Considering its position as the No. 1 brand channel on YouTube, it's really of no surprise that this insane video comes from today's prime purveyors of adventuretime content, GoPro.

What appears to be a lovely day on the slopes turns into a pretty thrilling minute of footage as skiier Eric Hjorleifson documents his terrifying run with a head-mounted Hero 3+ camera. 

Unlike other recent videos that are totally and joyously fake, this one is for sure, very real.

Take a look below and be sure to watch this full-screen, with your headphones on. The skiier's breathing really completes this bone-chilling experience. Then you can go back and watch GoPro's even more terrifying 2011 avalanche video, which is one hopefully no one will try to top. 

April 17, 2014, 10:00 AM EDT

Here's Another Freaky Brand App That Shows How Much of Your Private Life Is Online Watch Dogs watches you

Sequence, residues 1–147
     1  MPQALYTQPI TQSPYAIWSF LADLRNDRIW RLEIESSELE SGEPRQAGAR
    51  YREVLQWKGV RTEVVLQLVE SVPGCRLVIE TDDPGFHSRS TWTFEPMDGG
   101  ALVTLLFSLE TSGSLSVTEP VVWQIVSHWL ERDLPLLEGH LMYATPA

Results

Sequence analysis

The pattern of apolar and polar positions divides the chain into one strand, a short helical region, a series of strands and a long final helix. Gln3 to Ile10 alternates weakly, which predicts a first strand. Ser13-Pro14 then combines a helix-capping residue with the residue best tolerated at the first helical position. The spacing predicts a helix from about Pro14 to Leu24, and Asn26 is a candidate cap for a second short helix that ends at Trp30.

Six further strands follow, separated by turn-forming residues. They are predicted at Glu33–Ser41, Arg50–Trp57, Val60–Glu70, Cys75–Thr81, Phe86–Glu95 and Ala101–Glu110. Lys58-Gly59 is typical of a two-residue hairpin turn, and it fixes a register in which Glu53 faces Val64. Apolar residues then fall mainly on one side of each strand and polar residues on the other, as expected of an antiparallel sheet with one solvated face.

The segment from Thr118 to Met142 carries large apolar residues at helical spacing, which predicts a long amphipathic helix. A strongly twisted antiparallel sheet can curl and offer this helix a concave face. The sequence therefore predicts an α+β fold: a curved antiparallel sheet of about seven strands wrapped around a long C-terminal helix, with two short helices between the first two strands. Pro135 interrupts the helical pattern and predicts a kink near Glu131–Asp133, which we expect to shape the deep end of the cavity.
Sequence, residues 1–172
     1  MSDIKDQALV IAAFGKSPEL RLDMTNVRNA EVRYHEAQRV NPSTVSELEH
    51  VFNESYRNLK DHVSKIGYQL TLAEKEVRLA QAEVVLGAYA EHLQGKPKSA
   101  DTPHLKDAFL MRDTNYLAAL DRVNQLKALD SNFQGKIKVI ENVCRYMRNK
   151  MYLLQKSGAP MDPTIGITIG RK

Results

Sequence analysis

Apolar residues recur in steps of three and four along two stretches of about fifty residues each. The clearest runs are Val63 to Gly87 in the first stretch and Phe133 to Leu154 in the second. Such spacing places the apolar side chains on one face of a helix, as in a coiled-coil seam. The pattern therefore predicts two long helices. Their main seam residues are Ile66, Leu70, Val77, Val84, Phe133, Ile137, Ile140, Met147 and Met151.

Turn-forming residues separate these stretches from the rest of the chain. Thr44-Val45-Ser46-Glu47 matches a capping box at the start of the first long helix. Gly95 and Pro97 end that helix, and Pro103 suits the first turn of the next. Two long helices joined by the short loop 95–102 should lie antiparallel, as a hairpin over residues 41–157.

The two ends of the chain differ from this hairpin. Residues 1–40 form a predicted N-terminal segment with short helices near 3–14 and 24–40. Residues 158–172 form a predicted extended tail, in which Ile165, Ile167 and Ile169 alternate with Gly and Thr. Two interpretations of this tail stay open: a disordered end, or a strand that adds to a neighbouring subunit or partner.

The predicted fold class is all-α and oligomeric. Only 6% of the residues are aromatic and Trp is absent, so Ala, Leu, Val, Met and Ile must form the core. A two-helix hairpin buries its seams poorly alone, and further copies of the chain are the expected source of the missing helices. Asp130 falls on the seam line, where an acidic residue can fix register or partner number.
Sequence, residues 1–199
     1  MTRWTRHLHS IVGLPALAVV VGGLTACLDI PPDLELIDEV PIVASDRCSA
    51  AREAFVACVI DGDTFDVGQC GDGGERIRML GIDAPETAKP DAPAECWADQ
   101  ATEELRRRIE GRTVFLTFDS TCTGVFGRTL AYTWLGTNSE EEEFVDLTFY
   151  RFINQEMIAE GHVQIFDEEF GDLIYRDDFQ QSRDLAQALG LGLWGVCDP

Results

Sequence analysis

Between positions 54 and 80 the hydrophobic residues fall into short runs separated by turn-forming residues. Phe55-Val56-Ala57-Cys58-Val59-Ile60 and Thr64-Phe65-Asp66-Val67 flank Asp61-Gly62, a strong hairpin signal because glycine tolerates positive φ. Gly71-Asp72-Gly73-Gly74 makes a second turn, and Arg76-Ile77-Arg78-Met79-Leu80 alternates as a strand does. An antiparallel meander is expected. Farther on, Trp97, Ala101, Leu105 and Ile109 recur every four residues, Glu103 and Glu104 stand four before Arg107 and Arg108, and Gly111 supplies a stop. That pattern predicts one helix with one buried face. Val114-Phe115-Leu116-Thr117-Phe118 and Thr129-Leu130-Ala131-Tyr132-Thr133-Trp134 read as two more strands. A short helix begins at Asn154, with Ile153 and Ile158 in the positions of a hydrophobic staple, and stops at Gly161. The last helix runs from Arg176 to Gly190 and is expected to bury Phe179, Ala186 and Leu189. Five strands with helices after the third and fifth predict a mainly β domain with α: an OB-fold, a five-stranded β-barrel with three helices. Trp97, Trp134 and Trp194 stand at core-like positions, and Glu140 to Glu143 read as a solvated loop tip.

If you're anything like me, you might get a little freaked out by the Internet.

Whatever you put out there exists, in some capacity, forever! But that neurotic voice in your head is probably drowned out when you capture the perfect photo of your dog giving you the side-eye (it happens), or you need to chat about the BIG THING that happened on whichever show has a BIG THING that week, and somehow you've become pretty active on various social media platforms.

No big deal, right? Wrong, according to AKQA's latest digital campaign for Ubisoft's game Watch Dogs.

AKQA created a site, Digital Shadow, that allows you to log in with your Facebook profile and see what your digital imprint says about you. (For the record, mine says, "You display a bleak outlook that can be manipulated for future gain." OK, then.) It also estimates your net worth and where you might be spotted and guesses what your passwords could be.

"We know everything about you." Spooky.

April 17, 2014, 8:31 AM EDT

Mazda Takes One Awesome Road Trip Through 60 Instagram Posts in Grid View Fun innovation by JWT Canada